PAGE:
Free Servants: How Christians Relate to Political Powers

Free Servants: How Christians Relate to Political Powers

We’re in the middle of a sermon series on 1 Peter, a letter the apostle wrote to Christians who were struggling to figure out how they were supposed to relate to an increasingly hostile world. Like them, we sense a change in the cultural tides against the practice of historic, orthodox Christianity, and sometimes we’re confused about who we are and how we’re supposed to live.

After laying the theological groundwork and encouraging his readers to remember the importance of living in ways that influence the surrounding world for good, Peter now turns to specific applications. In other words, he applies the theological principles to real-life situations, and he begins with how Christians ought to relate to the state.

Embedded in this short paragraph is the key to understanding Peter’s message: verse 16 says that Christians are “free . . . servants.” The gospel has set us free, and we’re citizens of a kingdom not of this world. So if that’s true–i.e., we’re not really part of the Roman Empire in their case or not truly American citizens in our case–are we free simply to disregard Roman (or American) laws?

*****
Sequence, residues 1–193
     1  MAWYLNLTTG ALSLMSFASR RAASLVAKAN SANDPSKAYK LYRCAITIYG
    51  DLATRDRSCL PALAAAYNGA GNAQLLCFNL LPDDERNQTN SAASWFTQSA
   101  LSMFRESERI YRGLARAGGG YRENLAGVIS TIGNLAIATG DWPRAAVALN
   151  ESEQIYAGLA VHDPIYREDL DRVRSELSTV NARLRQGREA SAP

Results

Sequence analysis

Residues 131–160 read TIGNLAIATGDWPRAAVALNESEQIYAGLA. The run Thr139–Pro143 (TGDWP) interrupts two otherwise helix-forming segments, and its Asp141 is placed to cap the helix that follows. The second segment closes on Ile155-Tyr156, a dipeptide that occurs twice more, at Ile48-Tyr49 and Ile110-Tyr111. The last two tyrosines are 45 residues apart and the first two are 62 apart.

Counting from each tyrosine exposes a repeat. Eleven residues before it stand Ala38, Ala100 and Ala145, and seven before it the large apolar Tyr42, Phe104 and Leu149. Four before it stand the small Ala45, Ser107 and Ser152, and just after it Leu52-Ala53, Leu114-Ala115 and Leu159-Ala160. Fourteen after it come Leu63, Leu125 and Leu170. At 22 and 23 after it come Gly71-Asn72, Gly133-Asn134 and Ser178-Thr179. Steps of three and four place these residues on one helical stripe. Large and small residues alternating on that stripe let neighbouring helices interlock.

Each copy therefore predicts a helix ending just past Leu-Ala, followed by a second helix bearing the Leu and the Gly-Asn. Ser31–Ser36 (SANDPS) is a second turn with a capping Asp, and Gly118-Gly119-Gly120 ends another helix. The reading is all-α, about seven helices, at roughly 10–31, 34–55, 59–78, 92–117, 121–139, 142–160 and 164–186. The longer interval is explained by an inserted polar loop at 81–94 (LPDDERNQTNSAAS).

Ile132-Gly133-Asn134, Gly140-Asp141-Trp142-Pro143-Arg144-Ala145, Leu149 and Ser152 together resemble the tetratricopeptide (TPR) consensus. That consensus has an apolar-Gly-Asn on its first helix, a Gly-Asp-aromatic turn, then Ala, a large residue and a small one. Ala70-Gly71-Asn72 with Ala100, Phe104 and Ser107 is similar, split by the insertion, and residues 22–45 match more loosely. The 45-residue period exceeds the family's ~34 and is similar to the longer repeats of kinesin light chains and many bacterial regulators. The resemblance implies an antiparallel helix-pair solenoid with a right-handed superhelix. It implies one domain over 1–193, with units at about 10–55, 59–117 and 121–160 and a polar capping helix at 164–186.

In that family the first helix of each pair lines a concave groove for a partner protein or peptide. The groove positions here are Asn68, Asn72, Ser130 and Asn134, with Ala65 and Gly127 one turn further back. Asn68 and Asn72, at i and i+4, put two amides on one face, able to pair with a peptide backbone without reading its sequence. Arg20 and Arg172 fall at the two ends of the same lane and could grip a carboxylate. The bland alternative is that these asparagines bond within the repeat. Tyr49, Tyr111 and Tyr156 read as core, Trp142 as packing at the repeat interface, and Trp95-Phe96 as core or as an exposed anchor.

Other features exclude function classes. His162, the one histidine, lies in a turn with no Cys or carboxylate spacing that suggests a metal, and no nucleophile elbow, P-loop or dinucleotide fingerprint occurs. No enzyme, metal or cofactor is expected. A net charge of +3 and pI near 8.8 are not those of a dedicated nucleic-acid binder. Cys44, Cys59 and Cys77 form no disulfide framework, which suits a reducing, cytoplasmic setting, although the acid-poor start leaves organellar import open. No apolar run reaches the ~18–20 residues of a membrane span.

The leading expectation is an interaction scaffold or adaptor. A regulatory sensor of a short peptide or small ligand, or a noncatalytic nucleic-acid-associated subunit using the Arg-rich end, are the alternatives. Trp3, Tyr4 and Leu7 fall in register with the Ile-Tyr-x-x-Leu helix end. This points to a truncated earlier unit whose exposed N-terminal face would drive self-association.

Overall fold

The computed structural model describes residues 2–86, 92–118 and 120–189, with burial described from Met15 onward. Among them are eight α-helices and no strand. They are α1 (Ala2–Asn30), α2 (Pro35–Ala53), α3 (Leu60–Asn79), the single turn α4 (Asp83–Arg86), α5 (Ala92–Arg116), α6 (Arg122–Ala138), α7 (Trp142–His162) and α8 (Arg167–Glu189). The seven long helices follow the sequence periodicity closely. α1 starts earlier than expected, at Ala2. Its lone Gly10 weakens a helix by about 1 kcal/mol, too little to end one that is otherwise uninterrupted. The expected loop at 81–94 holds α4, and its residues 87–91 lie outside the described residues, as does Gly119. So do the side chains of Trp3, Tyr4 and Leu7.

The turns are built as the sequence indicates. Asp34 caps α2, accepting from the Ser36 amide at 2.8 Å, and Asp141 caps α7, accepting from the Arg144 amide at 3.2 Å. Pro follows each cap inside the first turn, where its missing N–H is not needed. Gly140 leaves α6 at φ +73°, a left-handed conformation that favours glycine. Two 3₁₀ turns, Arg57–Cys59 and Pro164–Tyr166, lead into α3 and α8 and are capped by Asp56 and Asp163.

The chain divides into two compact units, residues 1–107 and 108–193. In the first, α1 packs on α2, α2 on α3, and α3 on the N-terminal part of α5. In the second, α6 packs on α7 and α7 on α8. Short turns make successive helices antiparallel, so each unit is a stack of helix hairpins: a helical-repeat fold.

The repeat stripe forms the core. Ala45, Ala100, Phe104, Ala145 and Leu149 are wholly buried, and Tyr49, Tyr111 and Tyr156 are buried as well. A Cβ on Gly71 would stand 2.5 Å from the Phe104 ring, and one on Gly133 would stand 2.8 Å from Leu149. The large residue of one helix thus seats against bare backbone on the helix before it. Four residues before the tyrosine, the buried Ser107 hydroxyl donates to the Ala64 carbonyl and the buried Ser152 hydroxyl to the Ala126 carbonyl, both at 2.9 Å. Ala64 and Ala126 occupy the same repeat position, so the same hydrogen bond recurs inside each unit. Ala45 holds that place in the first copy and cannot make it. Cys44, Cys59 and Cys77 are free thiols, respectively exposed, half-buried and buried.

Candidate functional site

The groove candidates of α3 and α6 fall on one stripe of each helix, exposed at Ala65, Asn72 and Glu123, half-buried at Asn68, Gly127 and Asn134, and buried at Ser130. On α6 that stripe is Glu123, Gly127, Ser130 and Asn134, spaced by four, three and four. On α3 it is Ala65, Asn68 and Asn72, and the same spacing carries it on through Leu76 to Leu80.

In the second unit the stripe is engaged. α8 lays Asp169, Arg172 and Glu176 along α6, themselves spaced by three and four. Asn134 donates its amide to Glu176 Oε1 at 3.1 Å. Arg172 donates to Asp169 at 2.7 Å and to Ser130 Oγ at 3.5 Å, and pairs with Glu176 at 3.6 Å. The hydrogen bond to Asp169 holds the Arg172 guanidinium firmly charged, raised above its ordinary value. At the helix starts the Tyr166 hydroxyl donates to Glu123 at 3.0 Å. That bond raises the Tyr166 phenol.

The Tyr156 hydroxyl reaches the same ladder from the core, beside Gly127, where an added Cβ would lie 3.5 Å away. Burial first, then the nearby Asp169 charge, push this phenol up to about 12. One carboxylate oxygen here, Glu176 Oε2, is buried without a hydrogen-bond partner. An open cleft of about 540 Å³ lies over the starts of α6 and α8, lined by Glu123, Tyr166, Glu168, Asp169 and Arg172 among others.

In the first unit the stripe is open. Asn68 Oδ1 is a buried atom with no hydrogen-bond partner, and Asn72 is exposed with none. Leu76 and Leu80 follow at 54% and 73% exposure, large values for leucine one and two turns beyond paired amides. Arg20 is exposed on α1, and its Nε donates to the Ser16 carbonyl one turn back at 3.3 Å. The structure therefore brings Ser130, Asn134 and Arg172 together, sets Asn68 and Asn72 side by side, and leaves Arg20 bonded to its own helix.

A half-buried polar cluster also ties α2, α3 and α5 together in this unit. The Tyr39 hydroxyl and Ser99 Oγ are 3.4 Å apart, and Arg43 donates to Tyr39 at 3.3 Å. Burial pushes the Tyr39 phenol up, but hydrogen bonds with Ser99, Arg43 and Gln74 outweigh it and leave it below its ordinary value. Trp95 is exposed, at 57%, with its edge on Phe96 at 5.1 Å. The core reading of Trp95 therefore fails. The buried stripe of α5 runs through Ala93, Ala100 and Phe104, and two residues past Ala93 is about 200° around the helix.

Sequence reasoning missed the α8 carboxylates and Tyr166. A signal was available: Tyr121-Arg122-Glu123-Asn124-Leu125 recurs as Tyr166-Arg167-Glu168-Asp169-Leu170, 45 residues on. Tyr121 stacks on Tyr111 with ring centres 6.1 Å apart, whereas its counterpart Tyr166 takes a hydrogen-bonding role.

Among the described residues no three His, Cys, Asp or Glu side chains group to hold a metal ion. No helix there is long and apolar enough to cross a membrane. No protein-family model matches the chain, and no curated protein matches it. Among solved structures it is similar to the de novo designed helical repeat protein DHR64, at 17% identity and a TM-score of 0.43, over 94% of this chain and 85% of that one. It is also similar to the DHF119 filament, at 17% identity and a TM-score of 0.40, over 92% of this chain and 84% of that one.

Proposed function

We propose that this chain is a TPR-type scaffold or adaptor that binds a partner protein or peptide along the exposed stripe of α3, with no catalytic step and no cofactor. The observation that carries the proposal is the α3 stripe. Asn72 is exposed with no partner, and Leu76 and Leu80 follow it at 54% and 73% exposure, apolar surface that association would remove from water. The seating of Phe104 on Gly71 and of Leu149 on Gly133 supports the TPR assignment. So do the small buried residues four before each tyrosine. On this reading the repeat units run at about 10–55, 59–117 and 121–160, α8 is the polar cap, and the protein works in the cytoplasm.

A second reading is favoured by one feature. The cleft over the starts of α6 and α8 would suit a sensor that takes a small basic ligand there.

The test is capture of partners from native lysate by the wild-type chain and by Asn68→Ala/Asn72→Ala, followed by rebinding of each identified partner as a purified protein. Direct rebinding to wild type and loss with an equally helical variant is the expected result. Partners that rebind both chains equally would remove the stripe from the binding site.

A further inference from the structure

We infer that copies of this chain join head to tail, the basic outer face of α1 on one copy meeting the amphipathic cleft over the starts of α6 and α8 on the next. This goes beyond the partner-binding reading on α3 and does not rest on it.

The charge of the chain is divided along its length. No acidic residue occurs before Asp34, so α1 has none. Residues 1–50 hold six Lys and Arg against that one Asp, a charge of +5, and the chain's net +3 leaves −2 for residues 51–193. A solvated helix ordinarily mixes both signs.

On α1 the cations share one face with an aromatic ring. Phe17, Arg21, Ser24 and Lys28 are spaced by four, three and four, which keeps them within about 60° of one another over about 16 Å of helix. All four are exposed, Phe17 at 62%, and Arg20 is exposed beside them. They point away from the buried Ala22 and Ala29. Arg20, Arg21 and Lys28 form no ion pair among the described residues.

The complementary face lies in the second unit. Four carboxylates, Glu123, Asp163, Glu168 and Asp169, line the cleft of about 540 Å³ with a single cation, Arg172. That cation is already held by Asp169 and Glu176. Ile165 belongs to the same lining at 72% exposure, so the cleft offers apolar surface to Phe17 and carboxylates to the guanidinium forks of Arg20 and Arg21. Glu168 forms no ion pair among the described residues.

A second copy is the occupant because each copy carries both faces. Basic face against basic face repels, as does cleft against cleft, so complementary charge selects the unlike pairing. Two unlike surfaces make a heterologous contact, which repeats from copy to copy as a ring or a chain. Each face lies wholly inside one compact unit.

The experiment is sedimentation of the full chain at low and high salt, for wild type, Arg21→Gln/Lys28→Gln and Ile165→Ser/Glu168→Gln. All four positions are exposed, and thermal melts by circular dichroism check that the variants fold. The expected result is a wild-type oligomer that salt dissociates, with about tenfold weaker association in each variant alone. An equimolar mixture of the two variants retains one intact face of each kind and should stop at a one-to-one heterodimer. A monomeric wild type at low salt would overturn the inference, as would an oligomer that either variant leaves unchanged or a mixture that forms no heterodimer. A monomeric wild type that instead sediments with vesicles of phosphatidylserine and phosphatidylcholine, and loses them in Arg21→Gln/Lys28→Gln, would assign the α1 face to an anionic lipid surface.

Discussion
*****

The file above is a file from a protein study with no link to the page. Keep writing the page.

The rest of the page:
The answer is complicated. Put simply, Peter says that we should willingly submit to “every human institution” so that we can “put to silence the ignorance of foolish people.” So the normal relationship between Christians and the state is one of submission.

But the Bible includes stories of God’s people resisting political powers when higher principles were at stake–we’ll look at a few on Sunday. And history shows examples of Christians engaging in civil disobedience.

We’ll struggle with some of this while emphasizing the overarching principle: Christians should be good citizens so that the gospel’s influence will not be hindered, but there may be times when we must resist.

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